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www.corpun.com   :  Archive   :  2004   :  IN Schools Feb 2004

-- THE ARCHIVE --


INDIA

School CP - February 2004



Corpun file 12731

masthead
Times of India Online, Mumbai, 7 February 2004

Cities: Kolkata

HC strikes gavel against school caning

KOLKATA: Spare the rod and spoil the child is passe. Calcutta High Court on Friday banned the age-old practice of caning or beating students in state schools.

Acting on a PIL filed by advocate Tapas Bhanja, a division Bench told the director of school education to issue a circular to all state [= West Bengal] schools prohibiting caning.

He said the practice, which could lead to death, was still prevalent in the state. In the age of scientific teaching, caning or beating -- which is contrary to the Universal Declaration of Human Rights -- caused mental trauma.

Bhanja related the case of a student who was caned for refusing to join a teacher's tutorial home. He suggested that a committee be formed, comprising the school managing committee, students and guardians, to curb the practice.

Educationists hailed the order. "Students should be treated with compassion. Corporal punishment is never the answer," said state headmasters' association general secretary A.K. Maity.

Bennett, Coleman and Co., Ltd. All rights reserved.



Corpun file 12729

masthead
Times of India Online, Mumbai, 8 February 2004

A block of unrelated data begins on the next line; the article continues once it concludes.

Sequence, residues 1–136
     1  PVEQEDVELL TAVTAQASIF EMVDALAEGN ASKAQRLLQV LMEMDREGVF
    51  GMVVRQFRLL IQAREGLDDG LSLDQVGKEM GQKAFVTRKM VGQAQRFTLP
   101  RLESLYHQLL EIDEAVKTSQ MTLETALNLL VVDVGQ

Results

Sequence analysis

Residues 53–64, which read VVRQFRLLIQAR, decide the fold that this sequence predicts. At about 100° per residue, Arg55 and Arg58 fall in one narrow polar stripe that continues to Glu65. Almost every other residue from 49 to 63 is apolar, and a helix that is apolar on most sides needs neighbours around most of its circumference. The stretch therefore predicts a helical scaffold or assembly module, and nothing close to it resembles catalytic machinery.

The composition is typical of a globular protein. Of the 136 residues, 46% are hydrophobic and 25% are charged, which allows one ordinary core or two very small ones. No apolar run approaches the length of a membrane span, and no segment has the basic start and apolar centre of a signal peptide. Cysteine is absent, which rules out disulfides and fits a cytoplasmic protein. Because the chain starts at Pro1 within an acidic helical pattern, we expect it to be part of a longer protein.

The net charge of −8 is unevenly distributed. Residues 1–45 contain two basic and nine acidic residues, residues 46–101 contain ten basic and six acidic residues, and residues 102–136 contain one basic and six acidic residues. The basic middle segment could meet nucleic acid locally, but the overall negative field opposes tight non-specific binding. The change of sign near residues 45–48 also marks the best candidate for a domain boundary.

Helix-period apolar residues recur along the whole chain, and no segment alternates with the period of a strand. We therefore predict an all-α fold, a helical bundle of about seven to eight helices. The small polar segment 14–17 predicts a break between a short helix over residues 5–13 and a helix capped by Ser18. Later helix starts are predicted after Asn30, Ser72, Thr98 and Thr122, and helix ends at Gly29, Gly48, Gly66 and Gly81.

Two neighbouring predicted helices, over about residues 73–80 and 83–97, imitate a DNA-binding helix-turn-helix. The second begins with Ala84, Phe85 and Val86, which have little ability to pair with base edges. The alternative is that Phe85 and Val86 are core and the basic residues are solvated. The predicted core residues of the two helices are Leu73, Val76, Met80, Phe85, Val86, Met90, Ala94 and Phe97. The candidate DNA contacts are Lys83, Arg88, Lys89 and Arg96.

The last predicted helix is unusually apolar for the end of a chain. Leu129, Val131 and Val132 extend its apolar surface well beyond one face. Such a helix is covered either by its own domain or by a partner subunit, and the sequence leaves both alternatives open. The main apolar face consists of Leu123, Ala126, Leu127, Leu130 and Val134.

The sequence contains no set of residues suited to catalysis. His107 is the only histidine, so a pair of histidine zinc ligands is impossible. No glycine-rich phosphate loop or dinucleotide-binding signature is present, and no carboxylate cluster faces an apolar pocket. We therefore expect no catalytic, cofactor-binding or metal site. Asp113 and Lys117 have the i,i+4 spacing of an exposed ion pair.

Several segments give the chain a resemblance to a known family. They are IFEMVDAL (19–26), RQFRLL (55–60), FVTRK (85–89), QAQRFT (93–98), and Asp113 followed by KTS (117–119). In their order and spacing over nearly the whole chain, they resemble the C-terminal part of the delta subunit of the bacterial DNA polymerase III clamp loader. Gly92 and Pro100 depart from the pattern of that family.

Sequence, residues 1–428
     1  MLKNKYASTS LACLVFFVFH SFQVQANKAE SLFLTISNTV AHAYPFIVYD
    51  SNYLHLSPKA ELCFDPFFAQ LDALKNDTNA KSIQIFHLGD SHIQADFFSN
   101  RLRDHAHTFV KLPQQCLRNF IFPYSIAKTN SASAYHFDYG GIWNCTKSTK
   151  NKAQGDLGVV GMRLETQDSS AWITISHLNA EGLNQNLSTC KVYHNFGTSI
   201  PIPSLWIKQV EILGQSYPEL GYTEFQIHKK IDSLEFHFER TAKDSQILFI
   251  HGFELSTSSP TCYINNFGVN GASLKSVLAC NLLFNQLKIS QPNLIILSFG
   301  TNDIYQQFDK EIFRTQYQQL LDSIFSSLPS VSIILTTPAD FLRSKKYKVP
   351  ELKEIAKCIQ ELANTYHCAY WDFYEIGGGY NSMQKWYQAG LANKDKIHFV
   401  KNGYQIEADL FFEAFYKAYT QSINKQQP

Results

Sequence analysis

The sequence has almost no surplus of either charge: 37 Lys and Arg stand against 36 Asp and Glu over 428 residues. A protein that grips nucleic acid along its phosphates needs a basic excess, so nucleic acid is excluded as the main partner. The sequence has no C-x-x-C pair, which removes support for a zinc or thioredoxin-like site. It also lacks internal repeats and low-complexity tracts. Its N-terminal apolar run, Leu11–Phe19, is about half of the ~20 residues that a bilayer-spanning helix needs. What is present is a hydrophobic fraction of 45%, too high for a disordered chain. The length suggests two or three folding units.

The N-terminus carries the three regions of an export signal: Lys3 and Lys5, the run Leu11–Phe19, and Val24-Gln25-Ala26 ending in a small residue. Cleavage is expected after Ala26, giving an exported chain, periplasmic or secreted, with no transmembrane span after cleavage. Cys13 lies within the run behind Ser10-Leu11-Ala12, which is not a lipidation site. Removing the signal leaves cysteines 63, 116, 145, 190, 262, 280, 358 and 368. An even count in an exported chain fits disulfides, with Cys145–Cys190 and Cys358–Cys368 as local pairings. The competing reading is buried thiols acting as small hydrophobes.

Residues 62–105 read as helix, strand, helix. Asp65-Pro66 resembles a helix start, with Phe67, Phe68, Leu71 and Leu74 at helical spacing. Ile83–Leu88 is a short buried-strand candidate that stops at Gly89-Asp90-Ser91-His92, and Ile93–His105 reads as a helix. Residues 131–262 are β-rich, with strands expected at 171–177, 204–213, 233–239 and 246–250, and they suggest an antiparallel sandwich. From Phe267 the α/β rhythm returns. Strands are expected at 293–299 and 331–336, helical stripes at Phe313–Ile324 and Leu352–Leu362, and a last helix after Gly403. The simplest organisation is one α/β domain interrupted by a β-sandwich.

Cities: Kolkata

Order on child caning hailed

By Dhiman Chattopadhyay

KOLKATA: Calcutta High Court's directive on Friday imposing a blanket ban on caning children in state-run schools in West Bengal evoked a positive response from teachers and parents – most welcoming the move, others treading with caution.

TNN contacted school education officials from five capital cities to find out how the situation in Kolkata compared with those in these places.

Hyderabad, for instance, stopped caning its children back in 2002 when after a series of incidents, the AP government imposed a total ban on corporal punishment in all educational institutions and issued instructions to district education officers to ensure implementation. "Violation of the ban now attracts action under IPC," the state's principal secretary school education) said. However, according to United Teachers' Federation secretary, N Narayana, the ban is not being implemented strictly. "Some teachers, especially in the villages, resort to this practice," he said.

Chandigarh, too, enacted a law in the 1990s, prohibiting corporal punishment in schools. An official in Delhi's education department, when contacted, did not confirm whether the National Capital Region had imposed such a ban, but said a Delhi high court order had "directed the state government to ensure a ban on physical punishment of school students."

Sources in Bangalore said the Karnataka government had "orally informed" state-run schools not to resort to corporal punishment, adding that both CBSE and ICSE boards had banned corporal punishment in late 2003, after a girl died, obeying a teacher's order to run around the school ground till she collapsed.